Wall Street Starts to Hear Footsteps

The New York Times reports that Wall Street folks are really, truly, finally starting to come to grips with the fact that Republican lunatics in Congress might actually refuse to raise the debt ceiling on August 2nd:

Even though many on Wall Street believe that a default remains unlikely, the financial markets are starting to become agitated. Volatility in stocks has soared, and some investors say stock prices are falling because a United States default could severely raise companies’ costs of doing business. In the Treasury market, investors are starting to sell, fearing that the government will not make good on some interest payments that will be due next month. And complex financial instruments that will pay out if the United States defaults have become twice as expensive to buy as they were at the start of the year.

….“The metaphor is a pile of sand,” said Mark Zandi, the chief economist at Moody’s Analytics. “You keep putting one piece of sand on the pile, nothing happens, and then, all of the sudden it just caves.”

Wall Street helped elect ’em, and only now are they finally figuring out what they got themselves into. Who knows? If the GOP wackos really do run the train off the cliff, maybe rich people will finally figure out that paying a few more percentage points in income taxes isn’t such a high price to pay for sanity after all.

One More Thing

And it's a big one. Mother Jones is launching a new Corruption Project to do deep, time-intensive reporting on the corruption that is both the cause and result of the crisis in our democracy.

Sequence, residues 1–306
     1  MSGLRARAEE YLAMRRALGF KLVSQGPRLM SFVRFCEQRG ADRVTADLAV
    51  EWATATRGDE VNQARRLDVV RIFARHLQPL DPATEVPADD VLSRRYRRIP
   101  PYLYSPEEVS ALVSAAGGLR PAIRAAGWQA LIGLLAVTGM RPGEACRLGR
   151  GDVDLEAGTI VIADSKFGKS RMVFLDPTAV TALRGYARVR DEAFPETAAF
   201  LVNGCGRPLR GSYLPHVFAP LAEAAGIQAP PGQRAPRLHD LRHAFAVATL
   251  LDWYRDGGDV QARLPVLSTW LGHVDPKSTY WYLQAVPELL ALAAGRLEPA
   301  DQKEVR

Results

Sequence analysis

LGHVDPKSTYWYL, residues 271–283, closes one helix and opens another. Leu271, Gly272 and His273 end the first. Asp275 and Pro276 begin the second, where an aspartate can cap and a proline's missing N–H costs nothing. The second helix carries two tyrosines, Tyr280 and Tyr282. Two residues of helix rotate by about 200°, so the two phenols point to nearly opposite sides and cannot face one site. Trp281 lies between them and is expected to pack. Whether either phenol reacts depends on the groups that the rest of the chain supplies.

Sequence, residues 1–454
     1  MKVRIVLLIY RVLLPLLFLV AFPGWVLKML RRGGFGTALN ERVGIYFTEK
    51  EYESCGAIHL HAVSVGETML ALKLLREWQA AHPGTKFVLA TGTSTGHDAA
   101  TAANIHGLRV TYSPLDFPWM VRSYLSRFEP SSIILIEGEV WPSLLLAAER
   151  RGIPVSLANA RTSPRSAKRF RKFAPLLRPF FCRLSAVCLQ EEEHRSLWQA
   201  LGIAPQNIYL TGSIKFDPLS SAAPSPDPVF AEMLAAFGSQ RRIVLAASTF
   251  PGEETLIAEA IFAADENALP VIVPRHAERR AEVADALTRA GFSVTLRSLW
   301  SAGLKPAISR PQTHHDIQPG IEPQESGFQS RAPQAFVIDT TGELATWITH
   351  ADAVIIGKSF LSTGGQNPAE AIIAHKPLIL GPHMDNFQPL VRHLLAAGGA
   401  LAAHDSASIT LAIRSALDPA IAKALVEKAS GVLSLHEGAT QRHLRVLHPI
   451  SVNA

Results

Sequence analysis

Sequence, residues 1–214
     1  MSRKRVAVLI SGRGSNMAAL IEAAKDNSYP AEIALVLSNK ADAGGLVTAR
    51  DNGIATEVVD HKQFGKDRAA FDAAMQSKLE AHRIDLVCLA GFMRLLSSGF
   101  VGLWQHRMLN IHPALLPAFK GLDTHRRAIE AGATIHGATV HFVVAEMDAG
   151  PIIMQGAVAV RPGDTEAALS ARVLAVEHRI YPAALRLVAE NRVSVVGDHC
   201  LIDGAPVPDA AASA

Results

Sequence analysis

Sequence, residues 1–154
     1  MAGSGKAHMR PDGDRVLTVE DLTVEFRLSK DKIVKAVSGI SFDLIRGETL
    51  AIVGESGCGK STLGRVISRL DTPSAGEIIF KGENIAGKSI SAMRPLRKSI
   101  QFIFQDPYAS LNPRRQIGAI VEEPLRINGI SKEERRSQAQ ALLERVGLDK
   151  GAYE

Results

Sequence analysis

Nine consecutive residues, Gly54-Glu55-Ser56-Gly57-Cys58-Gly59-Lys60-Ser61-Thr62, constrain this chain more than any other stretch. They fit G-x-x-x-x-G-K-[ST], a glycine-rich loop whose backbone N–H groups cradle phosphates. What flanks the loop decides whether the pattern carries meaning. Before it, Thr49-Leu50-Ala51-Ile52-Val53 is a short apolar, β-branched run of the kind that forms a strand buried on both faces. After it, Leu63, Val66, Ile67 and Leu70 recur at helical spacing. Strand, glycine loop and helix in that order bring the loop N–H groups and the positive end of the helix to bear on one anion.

The more we thought about how Mother Jones can have the most impact right now, the more we realized that so many stories come down to corruption: People with wealth and power putting their interests first—and often getting away with it.

Our goal is to understand how we got here and how we might get out. We're aiming to create a reporting position dedicated to uncovering corruption, build a team, and let them investigate for a year—publishing our stories in a concerted window: a special issue of our magazine, video and podcast series, and a dedicated online portal so they don't get lost in the daily deluge of headlines and breaking news.

We want to go all in, and we've got seed funding to get started—but we're looking to raise $500,000 in donations this spring so we can go even bigger. You can read about why we think this project is what the moment demands and what we hope to accomplish—and if you like how it sounds, please help us go big with a tax-deductible donation today.

We Recommend

Latest

Sign up for our newsletters

Subscribe and we'll send Mother Jones straight to your inbox.

Get our award-winning magazine

Save big on a full year of investigations, ideas, and insights.

Subscribe

Support our journalism

Help Mother Jones' reporters dig deep with a tax-deductible donation.

Donate